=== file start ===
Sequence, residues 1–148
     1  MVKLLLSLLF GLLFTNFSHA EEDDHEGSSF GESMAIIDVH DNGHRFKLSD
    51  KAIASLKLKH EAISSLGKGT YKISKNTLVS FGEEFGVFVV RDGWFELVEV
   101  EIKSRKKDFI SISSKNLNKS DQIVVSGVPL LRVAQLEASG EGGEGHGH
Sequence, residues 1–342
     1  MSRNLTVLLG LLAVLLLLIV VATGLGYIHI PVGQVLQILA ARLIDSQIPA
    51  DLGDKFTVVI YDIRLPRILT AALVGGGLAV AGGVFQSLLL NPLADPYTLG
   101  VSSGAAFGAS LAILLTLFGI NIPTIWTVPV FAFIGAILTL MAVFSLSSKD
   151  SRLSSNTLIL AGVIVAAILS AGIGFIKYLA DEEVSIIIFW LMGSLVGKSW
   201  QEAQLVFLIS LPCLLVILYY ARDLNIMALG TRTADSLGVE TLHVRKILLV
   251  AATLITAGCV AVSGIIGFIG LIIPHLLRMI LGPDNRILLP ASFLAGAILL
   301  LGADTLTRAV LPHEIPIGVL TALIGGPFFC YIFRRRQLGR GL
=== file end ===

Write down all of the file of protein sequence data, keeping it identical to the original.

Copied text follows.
Sequence, residues 1–148
     1  MVKLLLSLLF GLLFTNFSHA EEDDHEGSSF GESMAIIDVH DNGHRFKLSD
    51  KAIASLKLKH EAISSLGKGT YKISKNTLVS FGEEFGVFVV RDGWFELVEV
   101  EIKSRKKDFI SISSKNLNKS DQIVVSGVPL LRVAQLEASG EGGEGHGH
Sequence, residues 1–342
     1  MSRNLTVLLG LLAVLLLLIV VATGLGYIHI PVGQVLQILA ARLIDSQIPA
    51  DLGDKFTVVI YDIRLPRILT AALVGGGLAV AGGVFQSLLL NPLADPYTLG
   101  VSSGAAFGAS LAILLTLFGI NIPTIWTVPV FAFIGAILTL MAVFSLSSKD
   151  SRLSSNTLIL AGVIVAAILS AGIGFIKYLA DEEVSIIIFW LMGSLVGKSW
   201  QEAQLVFLIS LPCLLVILYY ARDLNIMALG TRTADSLGVE TLHVRKILLV
   251  AATLITAGCV AVSGIIGFIG LIIPHLLRMI LGPDNRILLP ASFLAGAILL
   301  LGADTLTRAV LPHEIPIGVL TALIGGPFFC YIFRRRQLGR GL